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Puppets, Ghosts, and Zombies: The Sculpture of Pat Keck
September 13, 2003 - January 18, 2004
This one-person retrospective exhibition features over fifty works by one of America's most fascinating yet under-recognized sculptors. Since the late 1970s, Pat Keck (from Andover, Massachusetts) has created painted wood figurative sculptures, many of them mechanical and interactive. Puppets, Ghosts, and Zombies: The Sculpture of Pat Keck also includes related prints and preparatory drawings for the sculptures, and an extensive educational display that reveals Keck's artistic process.
Pat Keck's characteristic style is based on an idiosyncratic abstraction of the human face and figure: frontal and symmetrical, with highly finished and brightly-colored surfaces, and an anatomical articulation more mechanical than organic. The figures are gorgeously crafted, and each detail-from the wood joinery to the clothing to the moving parts-is designed and fabricated by the artist herself.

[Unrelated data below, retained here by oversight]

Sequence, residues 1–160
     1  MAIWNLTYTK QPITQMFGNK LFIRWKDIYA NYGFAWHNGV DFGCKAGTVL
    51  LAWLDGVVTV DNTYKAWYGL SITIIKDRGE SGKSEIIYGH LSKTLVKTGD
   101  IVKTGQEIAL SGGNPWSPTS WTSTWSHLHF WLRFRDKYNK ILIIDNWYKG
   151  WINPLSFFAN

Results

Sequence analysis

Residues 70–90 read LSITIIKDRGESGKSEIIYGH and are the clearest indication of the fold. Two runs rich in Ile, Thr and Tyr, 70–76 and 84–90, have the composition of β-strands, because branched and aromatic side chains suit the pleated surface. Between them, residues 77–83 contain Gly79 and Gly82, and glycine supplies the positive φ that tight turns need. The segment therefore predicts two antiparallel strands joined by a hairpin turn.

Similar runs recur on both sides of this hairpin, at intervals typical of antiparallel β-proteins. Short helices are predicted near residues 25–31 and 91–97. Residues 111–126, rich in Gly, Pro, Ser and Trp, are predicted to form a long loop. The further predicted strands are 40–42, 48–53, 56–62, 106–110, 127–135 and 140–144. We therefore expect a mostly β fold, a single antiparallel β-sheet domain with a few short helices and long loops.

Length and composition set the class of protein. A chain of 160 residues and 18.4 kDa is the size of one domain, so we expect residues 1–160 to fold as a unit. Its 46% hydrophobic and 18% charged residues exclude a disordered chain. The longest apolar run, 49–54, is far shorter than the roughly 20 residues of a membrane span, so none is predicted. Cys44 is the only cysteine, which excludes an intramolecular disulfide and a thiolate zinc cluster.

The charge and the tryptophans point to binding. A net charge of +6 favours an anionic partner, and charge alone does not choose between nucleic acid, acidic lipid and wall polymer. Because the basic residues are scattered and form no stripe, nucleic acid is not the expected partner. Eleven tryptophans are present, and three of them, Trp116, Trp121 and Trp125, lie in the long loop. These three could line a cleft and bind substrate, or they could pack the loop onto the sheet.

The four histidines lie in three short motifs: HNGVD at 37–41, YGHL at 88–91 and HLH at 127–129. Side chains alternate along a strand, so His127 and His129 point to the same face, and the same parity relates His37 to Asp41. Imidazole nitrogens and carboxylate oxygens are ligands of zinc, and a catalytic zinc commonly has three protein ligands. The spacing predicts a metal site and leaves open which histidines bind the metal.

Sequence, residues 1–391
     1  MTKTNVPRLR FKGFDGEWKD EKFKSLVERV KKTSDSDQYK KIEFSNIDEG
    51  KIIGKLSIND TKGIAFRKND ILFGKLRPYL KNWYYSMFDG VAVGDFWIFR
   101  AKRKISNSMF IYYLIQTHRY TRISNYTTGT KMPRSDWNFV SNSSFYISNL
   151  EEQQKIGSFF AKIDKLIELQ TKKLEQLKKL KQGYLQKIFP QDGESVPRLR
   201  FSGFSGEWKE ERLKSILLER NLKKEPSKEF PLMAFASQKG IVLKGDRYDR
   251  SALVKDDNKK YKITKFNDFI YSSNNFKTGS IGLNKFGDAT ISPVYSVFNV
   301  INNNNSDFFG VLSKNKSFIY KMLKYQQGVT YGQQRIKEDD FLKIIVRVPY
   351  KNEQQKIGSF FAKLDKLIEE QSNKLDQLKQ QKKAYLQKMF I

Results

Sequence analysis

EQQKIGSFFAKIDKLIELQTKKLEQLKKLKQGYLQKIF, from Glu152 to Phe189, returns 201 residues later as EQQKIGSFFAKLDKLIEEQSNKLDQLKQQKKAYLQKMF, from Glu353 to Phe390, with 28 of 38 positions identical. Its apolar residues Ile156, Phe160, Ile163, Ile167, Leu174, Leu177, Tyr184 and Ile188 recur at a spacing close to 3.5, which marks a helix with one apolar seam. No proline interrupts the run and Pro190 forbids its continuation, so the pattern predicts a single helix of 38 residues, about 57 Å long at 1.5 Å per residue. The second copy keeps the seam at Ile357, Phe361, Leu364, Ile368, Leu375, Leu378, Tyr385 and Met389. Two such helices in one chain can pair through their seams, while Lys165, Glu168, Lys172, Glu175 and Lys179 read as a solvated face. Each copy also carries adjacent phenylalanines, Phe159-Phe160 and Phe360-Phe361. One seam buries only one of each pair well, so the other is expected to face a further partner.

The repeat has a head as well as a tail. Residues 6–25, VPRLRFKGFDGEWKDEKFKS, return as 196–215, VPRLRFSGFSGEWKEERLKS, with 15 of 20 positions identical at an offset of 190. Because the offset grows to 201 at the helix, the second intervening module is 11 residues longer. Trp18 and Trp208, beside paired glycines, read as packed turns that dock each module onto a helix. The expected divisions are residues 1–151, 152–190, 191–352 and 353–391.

This stylistic formula is used to create beings that exist on the edge of humanity and consciousness: mechanical and utilitarian figures like scarecrows, dummies, toys, puppets, robots, and automatons; semi-sentient figures like somnambulists, ghosts, and monsters; and a host of androgynous "men" engaged in quasi-ritualistic and mysterious activities. Keck's imaginative world is influenced by many sources that point roughly in the same direction. She is interested in folk and vernacular arts, especially those associated with carnivals, fairs, and the circus, as well as visual elements of other performing arts, most notably vaudeville and popular music of the 1970s and 1980s (Glam Rock, Punk, and New Wave Music).
Keck's art, on a conceptual level, grapples with important philosophical and psychological issues that continue to perplex us: control and manipulation vs. free will and predestination, the relationship of the conscious to the subconscious mind, and the mysteries of life, self-awareness, sleep, and ultimately, death. These fears are leavened with humor, while intensified with experiential strategies derived from theater. Keck's work-especially the mechanical sculptures-involves anticipation, confrontation, surprise, spectacle, and the direct participation of viewers to make the figures "come alive."
Puppets, Ghosts, and Zombies: The Sculpture of Pat Keck is organized by DeCordova Curator Nick Capasso, and is accompanied by a full-color exhibition catalogue.
Additionally, the following events and educational programming are being organized in conjunction with this exhibition:
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